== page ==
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November 22, 1991 - Image 62

Resource type:
Text
Publication:
The Detroit Jewish News, 1991-11-22

Disclaimer: Computer generated plain text may have errors. Read more about this.

ISRAEL

One-of-a-Kinds, Floor Samples
and Discontinued Quality Home
Furnishings.

Fashion And Function Meet In This Sleeper Loveseat
And Matching Chair.

B. Matching Chair Is Also
Available In Teal And
Copen (Blue/Grey).
30" x 30" x 29"H.
Compare At $289,
Our Price 11"1

A. The Nova Sleeper
Loveseat Is Available In
Teal And Copen (Blue/
Grey). 58" x 30" x 29"H.
Compare At $485,
Our Price 179 •

165

WZPS/Doug las Gu thrie

t

A traffic bottleneck at Jaffa Gate.

Traffic Congestion
Jams Jerusalem

The Quality You Have
Come To Expect From
The House Of Denmark
At Closeout Prices, And
A Variety That Will
Keep You Coming Back.
Quantities Limited.

SIMON GRIVER

Special to The Jewish News

Featured Products
Subject To Prior Sale.

Only at Keego Harbor 3325 Orchard Lake Rd.
(1 Mile North of Long Lake Rd.) 682-7600

TWO GREAT STORES
ONE GREAT SUNDAY

SALE

Nov. 24, 12-5 PM

30 % OFF 30•50%
OFF

All 2 Piece

"ON THE GO WEAR" ALL HANDBAGS

1-,b51yri6 Intimate Apparel

APPLEGAT E SQUARE
NORTHWESTE RN & INKSTER

353-5522

111
0

Edo n it

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357.1800

91ovi crile dales

"CERAMIC TILE SPECIALIST"

Direct Importers of Italian Ceramic Tile

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Complete Tile Store From Start To Finish

SAVE 10% ON YOUR PURCHASE

with this ad

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Novi Commerce Center • 40500 Grand River • Novi

Mon.-Fri. 9 a.m.-5 p.m., Open Wed. till 7 p.m., Sat. 9-1 p.m.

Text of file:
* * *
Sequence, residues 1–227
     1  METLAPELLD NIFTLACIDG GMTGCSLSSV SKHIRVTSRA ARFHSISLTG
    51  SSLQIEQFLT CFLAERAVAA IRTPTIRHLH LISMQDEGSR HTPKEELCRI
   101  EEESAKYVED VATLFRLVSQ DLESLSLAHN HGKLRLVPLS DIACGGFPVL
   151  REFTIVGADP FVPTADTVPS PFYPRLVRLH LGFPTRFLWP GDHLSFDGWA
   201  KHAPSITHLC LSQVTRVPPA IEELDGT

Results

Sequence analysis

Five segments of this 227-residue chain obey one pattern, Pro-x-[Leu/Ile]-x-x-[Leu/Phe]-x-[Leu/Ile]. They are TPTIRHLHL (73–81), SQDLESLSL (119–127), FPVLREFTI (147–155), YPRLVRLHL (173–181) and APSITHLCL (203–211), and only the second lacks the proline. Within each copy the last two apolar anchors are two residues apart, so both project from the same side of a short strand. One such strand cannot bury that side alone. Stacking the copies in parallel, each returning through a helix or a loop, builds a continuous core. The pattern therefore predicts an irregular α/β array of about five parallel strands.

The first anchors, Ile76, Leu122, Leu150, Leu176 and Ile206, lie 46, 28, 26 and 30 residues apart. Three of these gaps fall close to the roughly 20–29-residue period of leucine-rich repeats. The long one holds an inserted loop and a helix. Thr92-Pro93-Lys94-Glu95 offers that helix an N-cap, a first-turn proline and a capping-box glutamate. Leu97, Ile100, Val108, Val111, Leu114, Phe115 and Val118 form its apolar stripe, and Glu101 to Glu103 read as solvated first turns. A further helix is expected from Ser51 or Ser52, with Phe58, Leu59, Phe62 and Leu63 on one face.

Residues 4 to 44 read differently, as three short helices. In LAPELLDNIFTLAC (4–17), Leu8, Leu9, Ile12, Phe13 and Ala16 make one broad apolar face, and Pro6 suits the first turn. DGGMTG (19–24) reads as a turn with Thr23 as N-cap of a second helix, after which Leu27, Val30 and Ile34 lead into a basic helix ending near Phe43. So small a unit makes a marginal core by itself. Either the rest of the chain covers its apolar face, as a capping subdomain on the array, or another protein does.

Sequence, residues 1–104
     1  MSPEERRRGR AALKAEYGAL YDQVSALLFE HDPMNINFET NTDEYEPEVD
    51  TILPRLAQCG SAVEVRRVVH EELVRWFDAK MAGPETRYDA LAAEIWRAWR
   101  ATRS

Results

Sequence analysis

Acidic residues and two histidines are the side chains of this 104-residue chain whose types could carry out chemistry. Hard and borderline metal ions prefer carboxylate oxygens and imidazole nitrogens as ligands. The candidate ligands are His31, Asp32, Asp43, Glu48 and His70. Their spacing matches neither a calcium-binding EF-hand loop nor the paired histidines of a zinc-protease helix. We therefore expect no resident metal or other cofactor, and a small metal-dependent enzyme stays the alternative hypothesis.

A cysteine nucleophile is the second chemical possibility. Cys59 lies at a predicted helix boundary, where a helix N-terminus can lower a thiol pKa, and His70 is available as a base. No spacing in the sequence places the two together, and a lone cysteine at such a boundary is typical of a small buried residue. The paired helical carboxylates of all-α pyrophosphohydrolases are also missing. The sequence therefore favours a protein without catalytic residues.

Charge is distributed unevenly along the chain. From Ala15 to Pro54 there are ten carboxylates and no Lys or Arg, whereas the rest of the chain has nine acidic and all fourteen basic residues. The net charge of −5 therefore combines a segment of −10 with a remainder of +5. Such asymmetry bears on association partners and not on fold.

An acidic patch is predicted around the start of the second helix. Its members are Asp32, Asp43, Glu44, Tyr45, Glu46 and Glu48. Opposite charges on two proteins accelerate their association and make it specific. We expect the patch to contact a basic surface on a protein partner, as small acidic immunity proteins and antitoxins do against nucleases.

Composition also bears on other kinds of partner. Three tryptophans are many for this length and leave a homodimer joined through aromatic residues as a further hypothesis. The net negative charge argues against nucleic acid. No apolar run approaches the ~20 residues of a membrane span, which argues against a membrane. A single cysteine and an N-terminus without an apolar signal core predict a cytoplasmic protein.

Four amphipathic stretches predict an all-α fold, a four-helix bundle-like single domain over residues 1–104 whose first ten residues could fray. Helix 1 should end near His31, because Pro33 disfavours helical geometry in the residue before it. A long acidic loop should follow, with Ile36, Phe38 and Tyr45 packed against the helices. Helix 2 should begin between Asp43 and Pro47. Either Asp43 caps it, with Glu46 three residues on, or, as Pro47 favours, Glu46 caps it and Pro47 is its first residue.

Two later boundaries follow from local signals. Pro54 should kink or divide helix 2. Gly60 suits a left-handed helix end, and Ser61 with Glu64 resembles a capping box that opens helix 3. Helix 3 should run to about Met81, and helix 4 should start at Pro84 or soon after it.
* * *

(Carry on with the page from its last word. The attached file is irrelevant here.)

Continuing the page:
62

FRIDAY, NOVEMBER 22, 1991

D

espite its elevated
status, Jerusalem is
not immune from
mundane problems like traf-
fic congestion. While the flow
of vehicles in Israel's capital
is not as heavy as in London,
New York or even Tel Aviv,
the Holy City is, nevertheless,
confronted with a range of
unique problems as it sets
about building a network of
highways fit for the 21st
century.
In the first place, new high-
ways must not violate the ci-
ty's delicate religious, ethnic
and political sensitivies, as
was the case some ten years
ago with the road to the
northwestern suburb of
Ramot. The Orthodox com-
munity felt that the tho-
roughfare passed too close to
the religious neighborhood of
Sanhedria, and, consequent-
ly, motorists using this route
on the Sabbath were the tar-
gets of stone-throwing Or-
thodox demonstrators.
Another controversy was
the highway to Ma'ale
Adumim, southeast of Jeru-
salem. For several years
Mayor. Teddy Kollek refused
to agree to the construction of
the section of the highway
leading into Jerusalem
because he disagreed with the
Likud's policy of building
outer metropolitan suburbs
like Ma'ale Adumiin, which
are beyond Jerusalem's city
limits. The new section of
Highway Number One bet-
ween French hill and the ci-
ty center was held up by op-
ponents for more than 20
years. Many felt that the
route of the road, which strad-
dles the pre-1967 division of
the city, would be a reminder

of where the wall once stood.
In addition to these sensi-
tivities, Jerusalem's topogra-
phical and geological location
makes road-building an ex-
pensive business. Roads must
wend their way around hill-
sides or be blasted through
the mountainside. Digging
through solid rock to lay
water, sewage and electricity
infrastructures is also
expensive.
Aesthetic considerations
also add to costs, as with the
highway linking Ramot to the
western entrance of the city
and the new road skirting
Beit Hakerem, which have
been neatly terraced into the

Many felt that the
route of the road
would be a
reminder of where
the wall once
stood.

hillside. Rafi Davara, adviser
to Mayor Kollek, once
estimated that meter for
meter new highways in
Jerusalem cost five times that
of Tel Aviv.
"On top of all these special
problems," says Itche Gur,
spokesman for the Jerusalem
Development Authority,
which is responsible for im-
plementing the city's
highway blueprint, "there are
the universal problems: traf-
fic bottlenecks which can
choke the city, especially dur-
ing peak hours, and road ac-
cidents. Residents, of course,
are eager to see new highways
that overcome these problems
but are also reluctant to have
them built near their own
homes. Environmentalists,
too, are lobbying increasing-

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